DATE: Tuesday, September 15

TIME: 11:30 a.m.

CMM Success Spotlight: Realtor Patty Brunn

Posted: August 4th, 2020

After more than 10 years of dedicated service at Campolo, Middleton & McCormick, Patty Brunn has turned her passion for real estate into a successful new career. As a Licensed Real Estate Salesperson, Patty now works with residential buyers and sellers across Suffolk, Nassau, and Queens, helping clients sell their homes for top dollar or find their new dream homes.

CMM clients remember Patty as a knowledgeable, service-oriented paralegal. She joined CMM in 2008 as one of the firm’s first hires, starting in the litigation department and eventually working with the firm’s real estate team, where she found her passion. “Communicating with clients regularly and guiding them through the real estate process was always one of my pleasures,” Patty says. “I enjoy helping people, so getting them to the finish line as stress-free as possible always brought me joy.”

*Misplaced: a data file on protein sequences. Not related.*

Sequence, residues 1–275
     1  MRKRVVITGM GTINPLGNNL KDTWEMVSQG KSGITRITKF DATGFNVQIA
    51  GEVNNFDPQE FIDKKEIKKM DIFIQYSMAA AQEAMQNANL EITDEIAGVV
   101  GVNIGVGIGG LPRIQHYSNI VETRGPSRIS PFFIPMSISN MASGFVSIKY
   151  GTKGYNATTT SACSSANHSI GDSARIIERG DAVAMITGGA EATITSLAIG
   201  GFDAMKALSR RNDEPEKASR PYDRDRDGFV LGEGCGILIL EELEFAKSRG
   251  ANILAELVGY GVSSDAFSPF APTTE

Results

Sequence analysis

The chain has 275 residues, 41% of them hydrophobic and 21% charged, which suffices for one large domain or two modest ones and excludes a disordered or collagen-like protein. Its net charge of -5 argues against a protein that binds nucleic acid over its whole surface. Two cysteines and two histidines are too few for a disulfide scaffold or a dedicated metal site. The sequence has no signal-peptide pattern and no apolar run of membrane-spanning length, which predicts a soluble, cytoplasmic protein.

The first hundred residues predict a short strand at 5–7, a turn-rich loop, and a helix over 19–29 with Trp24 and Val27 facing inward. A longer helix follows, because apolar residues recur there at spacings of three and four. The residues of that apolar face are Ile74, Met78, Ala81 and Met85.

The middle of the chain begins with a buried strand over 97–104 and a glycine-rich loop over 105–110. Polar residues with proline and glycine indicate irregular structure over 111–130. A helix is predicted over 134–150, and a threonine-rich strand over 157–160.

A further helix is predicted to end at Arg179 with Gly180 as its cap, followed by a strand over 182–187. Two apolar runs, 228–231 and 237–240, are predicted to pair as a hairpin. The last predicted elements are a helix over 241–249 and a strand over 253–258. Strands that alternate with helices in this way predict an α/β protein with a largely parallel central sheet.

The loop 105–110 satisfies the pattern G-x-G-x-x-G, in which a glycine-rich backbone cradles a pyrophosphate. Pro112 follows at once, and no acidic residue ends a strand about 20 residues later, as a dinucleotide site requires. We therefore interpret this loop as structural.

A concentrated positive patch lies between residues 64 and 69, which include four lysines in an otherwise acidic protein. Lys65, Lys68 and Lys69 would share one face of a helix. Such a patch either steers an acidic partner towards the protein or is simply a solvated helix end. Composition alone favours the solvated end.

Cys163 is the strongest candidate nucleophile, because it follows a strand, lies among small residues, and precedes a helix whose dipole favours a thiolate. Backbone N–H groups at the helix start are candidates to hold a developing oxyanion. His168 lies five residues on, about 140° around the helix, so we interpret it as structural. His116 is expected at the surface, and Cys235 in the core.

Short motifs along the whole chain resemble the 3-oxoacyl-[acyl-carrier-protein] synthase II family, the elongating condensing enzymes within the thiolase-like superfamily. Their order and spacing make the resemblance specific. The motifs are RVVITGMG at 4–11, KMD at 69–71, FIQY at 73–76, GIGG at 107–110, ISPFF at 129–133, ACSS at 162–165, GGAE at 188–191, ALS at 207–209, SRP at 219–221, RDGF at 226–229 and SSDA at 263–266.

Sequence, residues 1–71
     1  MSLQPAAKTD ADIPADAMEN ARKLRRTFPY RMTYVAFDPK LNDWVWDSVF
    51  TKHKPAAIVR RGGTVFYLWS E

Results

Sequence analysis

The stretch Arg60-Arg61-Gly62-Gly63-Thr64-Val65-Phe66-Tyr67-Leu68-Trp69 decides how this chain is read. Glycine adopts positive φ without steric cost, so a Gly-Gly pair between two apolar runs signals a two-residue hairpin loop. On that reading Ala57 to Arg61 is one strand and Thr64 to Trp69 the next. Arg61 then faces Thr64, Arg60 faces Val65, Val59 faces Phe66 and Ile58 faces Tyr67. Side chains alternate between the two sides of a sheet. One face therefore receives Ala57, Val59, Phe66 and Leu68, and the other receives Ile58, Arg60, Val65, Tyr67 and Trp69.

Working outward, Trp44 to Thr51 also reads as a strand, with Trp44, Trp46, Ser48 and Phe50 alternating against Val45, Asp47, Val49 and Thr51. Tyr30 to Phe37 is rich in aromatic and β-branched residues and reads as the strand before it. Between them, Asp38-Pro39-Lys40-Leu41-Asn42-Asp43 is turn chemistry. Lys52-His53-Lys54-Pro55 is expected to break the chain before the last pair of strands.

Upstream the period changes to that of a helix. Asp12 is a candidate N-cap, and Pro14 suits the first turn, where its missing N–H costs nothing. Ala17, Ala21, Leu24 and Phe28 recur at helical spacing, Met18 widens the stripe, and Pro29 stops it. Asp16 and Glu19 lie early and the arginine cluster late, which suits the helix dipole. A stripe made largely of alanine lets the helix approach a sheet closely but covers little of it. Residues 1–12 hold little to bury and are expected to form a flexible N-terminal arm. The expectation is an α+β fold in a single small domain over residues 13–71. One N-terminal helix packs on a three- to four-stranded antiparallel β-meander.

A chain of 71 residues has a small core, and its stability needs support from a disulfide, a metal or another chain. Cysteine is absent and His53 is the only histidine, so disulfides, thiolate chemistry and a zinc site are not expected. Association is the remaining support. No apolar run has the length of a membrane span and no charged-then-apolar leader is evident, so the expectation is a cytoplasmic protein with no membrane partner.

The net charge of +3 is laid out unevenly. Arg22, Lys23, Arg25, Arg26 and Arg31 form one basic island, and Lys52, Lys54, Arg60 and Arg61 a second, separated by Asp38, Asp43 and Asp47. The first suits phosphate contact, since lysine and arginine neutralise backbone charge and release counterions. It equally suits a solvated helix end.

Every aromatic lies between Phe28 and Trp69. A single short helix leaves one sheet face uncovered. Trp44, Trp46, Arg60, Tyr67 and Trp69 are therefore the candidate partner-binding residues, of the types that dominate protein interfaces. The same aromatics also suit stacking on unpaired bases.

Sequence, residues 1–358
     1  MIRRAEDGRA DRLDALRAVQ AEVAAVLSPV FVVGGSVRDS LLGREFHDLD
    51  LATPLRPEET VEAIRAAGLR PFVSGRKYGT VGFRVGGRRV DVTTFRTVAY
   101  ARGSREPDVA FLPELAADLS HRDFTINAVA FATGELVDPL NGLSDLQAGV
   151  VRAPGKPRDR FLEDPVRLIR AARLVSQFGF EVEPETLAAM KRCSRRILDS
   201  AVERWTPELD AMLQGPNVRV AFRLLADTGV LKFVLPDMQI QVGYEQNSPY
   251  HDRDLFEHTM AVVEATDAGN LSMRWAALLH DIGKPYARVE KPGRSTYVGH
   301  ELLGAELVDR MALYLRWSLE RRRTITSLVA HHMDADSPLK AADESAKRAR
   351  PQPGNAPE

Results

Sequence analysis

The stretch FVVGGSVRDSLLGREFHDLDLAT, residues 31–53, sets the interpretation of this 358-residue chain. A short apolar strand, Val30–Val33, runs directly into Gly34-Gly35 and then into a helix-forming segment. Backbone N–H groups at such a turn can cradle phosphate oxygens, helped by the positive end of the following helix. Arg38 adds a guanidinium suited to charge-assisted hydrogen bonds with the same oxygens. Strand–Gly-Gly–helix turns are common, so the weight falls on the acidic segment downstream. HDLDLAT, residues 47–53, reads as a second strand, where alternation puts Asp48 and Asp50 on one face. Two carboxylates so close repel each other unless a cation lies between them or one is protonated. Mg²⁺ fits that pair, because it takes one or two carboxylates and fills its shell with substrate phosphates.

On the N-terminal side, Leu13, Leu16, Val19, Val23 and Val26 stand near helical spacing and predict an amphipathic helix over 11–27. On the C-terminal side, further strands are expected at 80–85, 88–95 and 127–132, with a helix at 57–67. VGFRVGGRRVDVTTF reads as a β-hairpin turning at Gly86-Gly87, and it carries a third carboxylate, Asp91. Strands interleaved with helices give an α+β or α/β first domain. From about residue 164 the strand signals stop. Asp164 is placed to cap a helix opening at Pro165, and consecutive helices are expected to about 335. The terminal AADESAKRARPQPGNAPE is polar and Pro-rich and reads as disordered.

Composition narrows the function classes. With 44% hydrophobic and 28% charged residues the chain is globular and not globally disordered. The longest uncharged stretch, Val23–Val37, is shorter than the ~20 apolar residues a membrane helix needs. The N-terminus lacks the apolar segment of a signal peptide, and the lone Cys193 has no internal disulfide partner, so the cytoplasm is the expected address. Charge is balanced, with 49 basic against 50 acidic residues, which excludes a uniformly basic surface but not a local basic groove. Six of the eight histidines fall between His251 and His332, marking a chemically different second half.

Patty spent several years in CMM’s Bridgehampton office, helping to build our presence and reputation on the East End. While working full-time, she studied for and received her Real Estate Salesperson license in January 2019, pursuing real estate on the side, but staying focused on her work at CMM.

While COVID-19 has caused unprecedented economic disruption and challenges, Patty – true to her nature – decided to view the pandemic as an opportunity. With the Long Island residential real estate market rapidly heating up as people look to relocate, Patty decided to focus on her real estate career full-time. She’s now affiliated with Nappa Realty in Massapequa, where she uses the customer service skills she honed at CMM to help her real estate clients maximize the value of their investments and start new chapters in their lives.